populations. Knowledge of factors affecting habitat choice has direct implications in such situations, and may greatly influence the design and monitoring of protected areas as well as the assessment of subdivided populations' viability.

Environments under human influence

Human activities can alter habitat structure and quality, and in particular break the natural correlations among habitat components. Thus, naturally selected habitat choice strategies may become maladaptive in environments modified by human activity: individuals may be lured to unsuitable patches because cues no longer reveal habitat quality when some habitat characteristics affecting fitness deteriorated but do not affect the cues used by individuals to assess site quality. Such a mismatch defines an ecological trap. Because small and subdivided

□ Random o Philopatry

Quality ♦ Presence Success

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Quality ♦ Presence Success

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0.2 0.4 0.6 0.8 Autocorrelation coefficient

0.2 0.4 0.6 0.8 Autocorrelation coefficient

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Figure 14 An illustration of population consequences of individual habitat selection behavior. (I) Spatial aggregation of individuals. Strategies of breeding habitat selection based on different types of information lead to different levels of spatial aggregation of individuals among patches (a). In particular, the use of the presence of conspecifics generates spatial aggregation far above the IFD. (b) Individuals aggregate on the best patches as environmental predictability (and thus the value of information) increases. However, when breeding success is negatively density dependent, individuals using the presence of conspecifics pay a cost via decreased success, which limits the efficiency of this strategy. (II) Population regulation via site quality. A negative feedback can be created via individual habitat selection behavior. In small populations, individuals occupy the best patches, leading to a high growth rate (year 1). When population increases, individuals start settling on sites of decreasing quality, thus mean occupied site quality decreases (years 2 and 3). Consequently, population growth is slowed (year 4). As population declines again, mean quality of occupied sites, and thus population growth, increases again (year 5). (I) From Doligez B, Cadet C, Danchin E, and Boulinier T (2003) When to use public information for breeding habitat selection? The role of environmental predictability and density dependence. Animal Behaviour 66: 973-988. (II) From Rodenhouse NL, Sherry TW, and Holmes RT (1997) Site-dependent regulation of population size: A new synthesis. Ecology 78, 2025-2042.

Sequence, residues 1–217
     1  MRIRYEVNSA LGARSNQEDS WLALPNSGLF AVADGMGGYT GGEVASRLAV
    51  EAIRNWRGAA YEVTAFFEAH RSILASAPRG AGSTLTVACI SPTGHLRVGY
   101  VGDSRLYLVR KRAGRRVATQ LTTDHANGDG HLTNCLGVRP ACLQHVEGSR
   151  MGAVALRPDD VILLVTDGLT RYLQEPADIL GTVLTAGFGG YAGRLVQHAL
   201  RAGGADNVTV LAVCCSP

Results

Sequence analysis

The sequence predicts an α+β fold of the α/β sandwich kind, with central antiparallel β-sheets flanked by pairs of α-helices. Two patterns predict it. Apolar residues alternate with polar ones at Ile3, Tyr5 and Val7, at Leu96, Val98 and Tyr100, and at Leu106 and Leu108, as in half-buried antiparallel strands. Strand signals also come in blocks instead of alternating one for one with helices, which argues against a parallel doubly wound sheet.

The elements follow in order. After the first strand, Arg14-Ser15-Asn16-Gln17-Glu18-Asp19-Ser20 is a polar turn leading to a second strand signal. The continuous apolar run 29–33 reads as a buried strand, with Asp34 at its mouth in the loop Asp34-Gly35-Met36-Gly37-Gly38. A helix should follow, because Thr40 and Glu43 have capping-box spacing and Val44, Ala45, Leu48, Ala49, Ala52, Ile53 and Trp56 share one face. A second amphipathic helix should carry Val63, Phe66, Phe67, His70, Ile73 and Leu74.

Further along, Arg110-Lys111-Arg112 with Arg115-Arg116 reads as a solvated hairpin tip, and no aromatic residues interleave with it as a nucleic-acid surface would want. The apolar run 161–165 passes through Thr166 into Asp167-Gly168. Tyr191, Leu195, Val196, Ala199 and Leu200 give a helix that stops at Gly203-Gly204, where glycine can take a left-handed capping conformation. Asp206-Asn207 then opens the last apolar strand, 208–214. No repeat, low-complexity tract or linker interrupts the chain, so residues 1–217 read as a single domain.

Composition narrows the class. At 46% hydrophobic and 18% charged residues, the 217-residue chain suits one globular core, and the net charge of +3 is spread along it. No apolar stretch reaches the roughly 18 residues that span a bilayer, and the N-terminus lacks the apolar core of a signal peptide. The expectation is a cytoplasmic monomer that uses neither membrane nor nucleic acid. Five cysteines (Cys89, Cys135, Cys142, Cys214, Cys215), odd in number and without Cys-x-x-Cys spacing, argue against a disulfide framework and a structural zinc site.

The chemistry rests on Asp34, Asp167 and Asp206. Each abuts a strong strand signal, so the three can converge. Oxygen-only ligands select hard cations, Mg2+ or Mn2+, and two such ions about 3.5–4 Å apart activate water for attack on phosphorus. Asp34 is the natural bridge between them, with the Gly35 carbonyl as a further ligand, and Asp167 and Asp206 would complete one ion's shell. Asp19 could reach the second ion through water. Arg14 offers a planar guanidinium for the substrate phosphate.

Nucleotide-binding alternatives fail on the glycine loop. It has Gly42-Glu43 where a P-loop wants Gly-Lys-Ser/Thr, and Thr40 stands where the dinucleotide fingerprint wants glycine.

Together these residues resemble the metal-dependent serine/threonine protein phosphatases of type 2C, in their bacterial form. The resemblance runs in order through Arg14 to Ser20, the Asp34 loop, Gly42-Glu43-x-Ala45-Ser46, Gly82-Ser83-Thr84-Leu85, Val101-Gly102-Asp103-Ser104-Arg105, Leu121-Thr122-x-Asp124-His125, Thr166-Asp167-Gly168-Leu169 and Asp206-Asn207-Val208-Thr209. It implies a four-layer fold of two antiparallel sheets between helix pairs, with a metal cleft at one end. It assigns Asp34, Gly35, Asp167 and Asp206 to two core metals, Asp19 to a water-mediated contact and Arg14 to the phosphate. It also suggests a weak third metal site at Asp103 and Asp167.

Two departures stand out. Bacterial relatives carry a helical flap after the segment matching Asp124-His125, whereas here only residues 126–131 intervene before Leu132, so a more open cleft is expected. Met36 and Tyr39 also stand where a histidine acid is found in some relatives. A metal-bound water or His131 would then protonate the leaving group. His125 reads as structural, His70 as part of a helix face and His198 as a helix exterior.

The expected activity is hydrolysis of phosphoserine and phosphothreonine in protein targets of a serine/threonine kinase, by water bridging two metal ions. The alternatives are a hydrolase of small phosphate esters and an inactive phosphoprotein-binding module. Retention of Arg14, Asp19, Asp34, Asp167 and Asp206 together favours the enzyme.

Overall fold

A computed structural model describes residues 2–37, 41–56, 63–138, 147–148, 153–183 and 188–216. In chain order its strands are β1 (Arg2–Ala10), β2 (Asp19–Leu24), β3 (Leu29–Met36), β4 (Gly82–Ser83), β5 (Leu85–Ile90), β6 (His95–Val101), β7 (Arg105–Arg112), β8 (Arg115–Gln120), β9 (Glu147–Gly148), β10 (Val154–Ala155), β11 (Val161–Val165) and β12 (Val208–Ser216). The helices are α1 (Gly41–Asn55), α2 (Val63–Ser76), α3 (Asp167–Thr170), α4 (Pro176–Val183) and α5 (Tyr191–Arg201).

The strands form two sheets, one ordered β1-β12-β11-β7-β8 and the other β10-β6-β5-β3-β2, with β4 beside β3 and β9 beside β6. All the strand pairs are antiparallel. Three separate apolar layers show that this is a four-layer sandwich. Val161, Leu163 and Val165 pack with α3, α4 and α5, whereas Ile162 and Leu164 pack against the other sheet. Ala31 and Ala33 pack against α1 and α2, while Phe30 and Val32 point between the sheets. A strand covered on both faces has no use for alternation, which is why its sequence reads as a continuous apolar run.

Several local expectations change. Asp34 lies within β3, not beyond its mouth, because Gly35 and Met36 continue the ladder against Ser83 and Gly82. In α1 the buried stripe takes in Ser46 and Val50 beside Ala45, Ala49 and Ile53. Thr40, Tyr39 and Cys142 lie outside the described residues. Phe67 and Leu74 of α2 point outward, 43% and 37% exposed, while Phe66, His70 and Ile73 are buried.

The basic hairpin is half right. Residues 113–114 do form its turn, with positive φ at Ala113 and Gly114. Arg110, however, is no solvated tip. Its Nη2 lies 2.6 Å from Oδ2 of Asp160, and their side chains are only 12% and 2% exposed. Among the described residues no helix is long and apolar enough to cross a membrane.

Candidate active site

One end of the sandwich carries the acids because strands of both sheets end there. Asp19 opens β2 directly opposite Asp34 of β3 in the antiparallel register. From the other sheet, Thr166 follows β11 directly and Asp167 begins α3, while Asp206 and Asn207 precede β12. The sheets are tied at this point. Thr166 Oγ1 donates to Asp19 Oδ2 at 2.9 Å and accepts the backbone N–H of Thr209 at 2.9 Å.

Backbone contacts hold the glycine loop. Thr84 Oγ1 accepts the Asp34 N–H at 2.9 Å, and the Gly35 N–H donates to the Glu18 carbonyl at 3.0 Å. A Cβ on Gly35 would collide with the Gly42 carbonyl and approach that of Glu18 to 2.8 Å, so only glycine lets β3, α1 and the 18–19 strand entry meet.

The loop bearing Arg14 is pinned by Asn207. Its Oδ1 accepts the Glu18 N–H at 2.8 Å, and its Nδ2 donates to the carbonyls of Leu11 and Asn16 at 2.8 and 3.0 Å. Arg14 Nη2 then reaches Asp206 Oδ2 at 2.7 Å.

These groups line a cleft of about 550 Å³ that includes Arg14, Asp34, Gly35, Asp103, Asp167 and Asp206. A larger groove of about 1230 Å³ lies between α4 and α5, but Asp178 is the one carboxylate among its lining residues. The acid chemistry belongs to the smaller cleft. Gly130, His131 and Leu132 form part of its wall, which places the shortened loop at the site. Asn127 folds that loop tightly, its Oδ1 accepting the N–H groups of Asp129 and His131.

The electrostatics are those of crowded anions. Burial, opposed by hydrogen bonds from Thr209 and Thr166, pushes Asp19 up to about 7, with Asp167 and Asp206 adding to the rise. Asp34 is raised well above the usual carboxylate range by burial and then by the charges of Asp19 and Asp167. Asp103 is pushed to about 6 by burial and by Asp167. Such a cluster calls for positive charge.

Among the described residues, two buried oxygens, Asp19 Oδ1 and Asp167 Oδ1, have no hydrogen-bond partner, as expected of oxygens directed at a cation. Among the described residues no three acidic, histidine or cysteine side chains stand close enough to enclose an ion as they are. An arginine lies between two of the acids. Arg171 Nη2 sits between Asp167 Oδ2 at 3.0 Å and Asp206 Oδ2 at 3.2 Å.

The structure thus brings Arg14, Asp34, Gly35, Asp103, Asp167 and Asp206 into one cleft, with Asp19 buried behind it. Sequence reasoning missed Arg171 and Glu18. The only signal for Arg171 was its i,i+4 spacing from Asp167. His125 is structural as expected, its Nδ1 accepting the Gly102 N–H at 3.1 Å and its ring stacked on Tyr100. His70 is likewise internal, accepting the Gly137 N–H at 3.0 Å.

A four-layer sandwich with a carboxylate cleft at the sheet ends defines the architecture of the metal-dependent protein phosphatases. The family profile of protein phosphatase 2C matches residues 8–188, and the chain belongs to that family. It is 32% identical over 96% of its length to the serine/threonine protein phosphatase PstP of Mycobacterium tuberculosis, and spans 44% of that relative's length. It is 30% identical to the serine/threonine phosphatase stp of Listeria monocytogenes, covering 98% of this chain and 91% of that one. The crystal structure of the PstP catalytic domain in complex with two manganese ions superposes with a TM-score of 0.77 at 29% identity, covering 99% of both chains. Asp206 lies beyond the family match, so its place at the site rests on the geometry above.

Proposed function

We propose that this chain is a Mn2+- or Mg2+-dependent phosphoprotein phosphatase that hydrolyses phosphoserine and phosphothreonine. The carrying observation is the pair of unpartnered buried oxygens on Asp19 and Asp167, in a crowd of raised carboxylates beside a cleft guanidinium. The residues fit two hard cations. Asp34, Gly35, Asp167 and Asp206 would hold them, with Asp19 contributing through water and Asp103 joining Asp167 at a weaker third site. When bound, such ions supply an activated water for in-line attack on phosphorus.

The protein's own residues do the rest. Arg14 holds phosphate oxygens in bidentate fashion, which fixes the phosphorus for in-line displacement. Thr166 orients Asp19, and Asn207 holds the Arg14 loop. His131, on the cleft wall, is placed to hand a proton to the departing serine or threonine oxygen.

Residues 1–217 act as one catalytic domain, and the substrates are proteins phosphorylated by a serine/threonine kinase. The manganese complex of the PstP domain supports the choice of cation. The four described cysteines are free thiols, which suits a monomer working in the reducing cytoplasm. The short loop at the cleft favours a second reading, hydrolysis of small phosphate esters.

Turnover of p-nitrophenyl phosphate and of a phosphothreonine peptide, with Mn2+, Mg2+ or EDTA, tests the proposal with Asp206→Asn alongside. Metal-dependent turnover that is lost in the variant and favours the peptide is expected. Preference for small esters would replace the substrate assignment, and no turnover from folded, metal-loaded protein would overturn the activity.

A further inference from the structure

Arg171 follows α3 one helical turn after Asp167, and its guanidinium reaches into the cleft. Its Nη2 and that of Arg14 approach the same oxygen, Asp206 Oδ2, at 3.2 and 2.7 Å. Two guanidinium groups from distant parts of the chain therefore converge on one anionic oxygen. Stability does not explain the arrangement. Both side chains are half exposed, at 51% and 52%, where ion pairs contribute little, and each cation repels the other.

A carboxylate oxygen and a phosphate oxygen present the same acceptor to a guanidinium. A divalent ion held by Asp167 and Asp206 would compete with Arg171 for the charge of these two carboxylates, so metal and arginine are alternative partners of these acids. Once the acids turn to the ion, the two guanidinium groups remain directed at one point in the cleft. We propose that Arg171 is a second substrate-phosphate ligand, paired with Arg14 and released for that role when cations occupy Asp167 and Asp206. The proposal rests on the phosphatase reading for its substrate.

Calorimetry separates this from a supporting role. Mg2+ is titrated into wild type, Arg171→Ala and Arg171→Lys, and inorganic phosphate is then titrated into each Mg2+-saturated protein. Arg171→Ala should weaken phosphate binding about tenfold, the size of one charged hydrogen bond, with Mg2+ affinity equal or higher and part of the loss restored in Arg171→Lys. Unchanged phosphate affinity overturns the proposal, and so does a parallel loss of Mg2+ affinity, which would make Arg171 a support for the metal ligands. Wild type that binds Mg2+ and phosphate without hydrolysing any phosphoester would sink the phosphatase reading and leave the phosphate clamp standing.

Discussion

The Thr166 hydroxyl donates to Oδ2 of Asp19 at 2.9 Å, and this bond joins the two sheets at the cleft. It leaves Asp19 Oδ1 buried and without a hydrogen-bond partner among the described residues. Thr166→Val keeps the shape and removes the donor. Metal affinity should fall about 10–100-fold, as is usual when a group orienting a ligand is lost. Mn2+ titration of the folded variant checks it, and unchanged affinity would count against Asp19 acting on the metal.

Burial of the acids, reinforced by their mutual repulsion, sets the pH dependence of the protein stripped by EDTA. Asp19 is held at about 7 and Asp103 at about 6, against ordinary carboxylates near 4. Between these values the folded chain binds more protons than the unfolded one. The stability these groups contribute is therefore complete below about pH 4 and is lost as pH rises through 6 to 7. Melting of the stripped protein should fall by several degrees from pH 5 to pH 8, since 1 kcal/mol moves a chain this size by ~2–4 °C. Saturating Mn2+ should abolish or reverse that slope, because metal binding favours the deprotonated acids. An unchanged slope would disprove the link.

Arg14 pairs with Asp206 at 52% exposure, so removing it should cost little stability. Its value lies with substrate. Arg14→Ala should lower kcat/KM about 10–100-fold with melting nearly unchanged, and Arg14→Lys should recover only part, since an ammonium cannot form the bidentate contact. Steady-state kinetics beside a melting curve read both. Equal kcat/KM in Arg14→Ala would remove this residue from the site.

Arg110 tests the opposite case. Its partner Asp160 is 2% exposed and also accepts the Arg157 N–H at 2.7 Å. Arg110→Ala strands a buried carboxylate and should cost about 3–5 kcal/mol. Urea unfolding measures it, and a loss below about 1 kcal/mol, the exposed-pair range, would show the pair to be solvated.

populations have often greatly decreased in size in the recent past, a large proportion of potentially suitable patches may be unoccupied, but may nevertheless need to be preserved to allow individuals to move. Such situations require managing habitat in terms of metareserves aiming at protecting a habitat type independently from the current occupation by the species of interest.